A New Model for Nursing Home Care

'Green Houses' offer homier atmospheres and more individual attention from caregivers.

old and young hand
(Image credit: Getty Images/Zoonar RF)

It's a common refrain that adult children hear from their parents: "No matter what, promise that you'll never put me in a nursing home." These seniors obviously have not visited a Green House, a unique alternative to the traditional nursing facility.

Lois Gallo, 79, lives with nine other residents -- known as "elders" -- in one of the 10 condominium-style homes at the Leonard Florence Center for Living, in Chelsea, Mass., an inner suburb of Boston. Gallo suffers from a degenerative nerve and muscle condition and gets around by motorized wheelchair. "This place is a godsend," says Gallo, a widow and former psychotherapist.

There are two 7,000-square-foot Green Houses on each of five floors. Each Green House has its own entrance and 10 residents. Four Green Houses provide skilled-nursing care for elders while three provide short-term rehabilitation, two accommodate residents with ALS, and one serves people with multiple sclerosis.

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I met with Gallo in late January in the nursing home's café, near the well-appointed lobby. (The café offers residents and visitors free coffee and home-baked pastries.) She smiled brightly as she described her life there. Like elders in all Green Houses, Gallo has her own bedroom and bathroom. "Privacy is really respected," she says. "If I want to watch something on my TV, I will just shut the door." In a typical nursing home, two residents share a room.

The 10 bedrooms in her home surround a state-of-the-art kitchen and a large dining table, where the residents usually sit together for meals. But you can "eat when you want," Gallo says. If she gets up early, a caregiver will whip up something she likes, often cereal and toast. Just off the kitchen area is a cozy living room with a fireplace -- a group of visiting friends gather there on Wednesday nights. Gallo enjoys trips to musicals, movies and the ballet. The facility, which is run by the Chelsea Jewish Foundation, uses a half-dozen wheelchair vans to take residents to these events.

I also spent a day at another Green House complex -- Eddy Village Green at Cohoes, outside Albany, N.Y., which is run by St. Peter's Health Partners. Eddy, which opened in 2008, is a development of 16 spiffy ranch-style homes, each accommodating 12 elders.

When I walked into one of the Green Houses at Eddy Village Green, several elders were watching TV in the light- and plant-filled living room. A few feet away, at the large open kitchen, two caregivers were preparing lunch while another was setting the large wooden table. There were no nurses' stations or carts clattering down long hallways -- as I'd seen at hospital-like nursing facilities. The atmosphere was the same at Leonard Florence. "When you walk into a Green House, it's a home," says Betsy Mullen, chief operating officer of the Chelsea Jewish Foundation. "You feel a calmness, a peacefulness."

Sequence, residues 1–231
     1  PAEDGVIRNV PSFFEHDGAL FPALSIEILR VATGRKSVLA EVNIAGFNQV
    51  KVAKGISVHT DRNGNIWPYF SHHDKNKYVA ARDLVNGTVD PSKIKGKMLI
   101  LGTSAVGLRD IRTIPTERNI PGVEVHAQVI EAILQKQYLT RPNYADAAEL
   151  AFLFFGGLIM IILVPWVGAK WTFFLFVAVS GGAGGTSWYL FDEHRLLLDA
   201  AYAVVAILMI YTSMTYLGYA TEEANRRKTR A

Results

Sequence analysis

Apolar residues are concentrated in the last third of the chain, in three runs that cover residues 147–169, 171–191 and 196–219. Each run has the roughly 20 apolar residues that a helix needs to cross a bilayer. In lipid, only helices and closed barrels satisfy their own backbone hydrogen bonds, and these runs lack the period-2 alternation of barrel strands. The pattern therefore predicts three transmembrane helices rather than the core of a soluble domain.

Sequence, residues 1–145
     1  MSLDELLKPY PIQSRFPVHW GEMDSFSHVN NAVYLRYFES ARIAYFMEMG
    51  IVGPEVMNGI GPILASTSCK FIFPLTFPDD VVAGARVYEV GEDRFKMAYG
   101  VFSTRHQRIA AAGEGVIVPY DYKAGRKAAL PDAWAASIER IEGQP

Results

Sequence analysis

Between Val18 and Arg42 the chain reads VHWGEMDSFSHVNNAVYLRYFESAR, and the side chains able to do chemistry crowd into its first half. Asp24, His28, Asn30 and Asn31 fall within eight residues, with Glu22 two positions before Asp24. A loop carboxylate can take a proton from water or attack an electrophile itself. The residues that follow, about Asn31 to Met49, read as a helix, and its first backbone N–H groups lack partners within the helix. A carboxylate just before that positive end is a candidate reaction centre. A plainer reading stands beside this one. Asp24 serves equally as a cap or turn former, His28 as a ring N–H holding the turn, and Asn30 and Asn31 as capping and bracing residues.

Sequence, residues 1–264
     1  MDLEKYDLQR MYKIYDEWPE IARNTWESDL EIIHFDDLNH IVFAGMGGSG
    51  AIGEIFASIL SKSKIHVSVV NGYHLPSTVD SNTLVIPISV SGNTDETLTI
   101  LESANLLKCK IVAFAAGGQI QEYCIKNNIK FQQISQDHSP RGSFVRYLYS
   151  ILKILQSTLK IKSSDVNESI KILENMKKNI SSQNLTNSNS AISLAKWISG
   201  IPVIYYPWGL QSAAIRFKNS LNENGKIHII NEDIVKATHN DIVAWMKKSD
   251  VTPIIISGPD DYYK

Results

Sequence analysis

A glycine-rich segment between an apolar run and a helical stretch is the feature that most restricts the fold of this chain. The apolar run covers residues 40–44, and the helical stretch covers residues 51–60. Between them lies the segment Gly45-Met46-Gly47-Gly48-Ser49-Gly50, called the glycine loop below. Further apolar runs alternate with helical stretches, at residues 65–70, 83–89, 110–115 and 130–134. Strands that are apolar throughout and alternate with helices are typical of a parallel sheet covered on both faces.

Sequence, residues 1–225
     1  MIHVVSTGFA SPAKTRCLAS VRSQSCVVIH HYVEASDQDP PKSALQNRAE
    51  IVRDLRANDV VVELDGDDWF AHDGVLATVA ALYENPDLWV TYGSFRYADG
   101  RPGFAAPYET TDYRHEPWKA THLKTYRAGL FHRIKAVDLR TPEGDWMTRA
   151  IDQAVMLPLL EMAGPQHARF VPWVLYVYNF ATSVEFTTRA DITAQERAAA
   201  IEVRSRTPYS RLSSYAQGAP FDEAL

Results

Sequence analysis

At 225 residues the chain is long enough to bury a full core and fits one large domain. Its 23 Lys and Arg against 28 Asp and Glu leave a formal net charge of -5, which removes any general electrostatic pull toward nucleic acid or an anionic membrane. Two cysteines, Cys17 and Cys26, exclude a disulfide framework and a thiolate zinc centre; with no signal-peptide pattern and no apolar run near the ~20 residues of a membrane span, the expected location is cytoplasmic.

But it's more than the physical ambiance that distinguishes a Green House from a traditional facility, says Scott Brown, director of outreach for The Green House Project, which provides guidance to nonprofits and businesses that seek to build Green Houses. Elders at Green Houses tend to get more individualized attention than residents at traditional facilities. And elders, perhaps with the exception of those with severe dementia, make many decisions themselves, such as waking up and going to bed when they want, and choosing activities they like, such as planting flowers by the patio. "When you diminish someone's decision-making ability, you take away who they really are," Brown says.

The Green House is the brainchild of Dr. Bill Thomas, a geriatrician who came up with the concept to alleviate the "three plagues" of nursing-home life -- loneliness, boredom and helplessness. The Green House "goes to the idea that regardless of age people still have a chance to have a meaningful life where they can experience joy and create value," Brown says.

There are 187 Green Houses operating in 28 states, with 150 more under development. Most complexes range in size from two to six Green Houses. (To look for a Green House in your community, go to www.thegreenhouseproject.org.)

Research shows that Green House elders are happier and healthier than residents in traditional nursing homes -- even though they have similar conditions, such as dementia, post-stroke ailments, Parkinson's disease and heart disease. They're less likely to become hospitalized or to experience declines in their ability to eat, dress or go to the bathroom on their own.

Building Connections: Elders, Aides and Relatives